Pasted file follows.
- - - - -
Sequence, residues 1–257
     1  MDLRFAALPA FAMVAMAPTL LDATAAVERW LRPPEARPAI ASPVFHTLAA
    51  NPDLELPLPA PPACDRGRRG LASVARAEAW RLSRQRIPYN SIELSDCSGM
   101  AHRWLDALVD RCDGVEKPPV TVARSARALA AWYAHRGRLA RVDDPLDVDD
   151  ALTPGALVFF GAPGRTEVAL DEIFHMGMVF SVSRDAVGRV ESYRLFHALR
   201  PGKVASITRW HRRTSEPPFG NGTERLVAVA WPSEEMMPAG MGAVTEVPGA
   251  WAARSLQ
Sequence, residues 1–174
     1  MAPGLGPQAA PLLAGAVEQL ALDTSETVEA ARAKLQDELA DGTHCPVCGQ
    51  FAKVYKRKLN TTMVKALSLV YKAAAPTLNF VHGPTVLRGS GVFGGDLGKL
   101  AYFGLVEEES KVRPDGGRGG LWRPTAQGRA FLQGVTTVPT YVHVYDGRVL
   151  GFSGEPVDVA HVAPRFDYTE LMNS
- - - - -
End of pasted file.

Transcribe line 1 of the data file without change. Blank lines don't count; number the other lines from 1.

Sequence, residues 1–257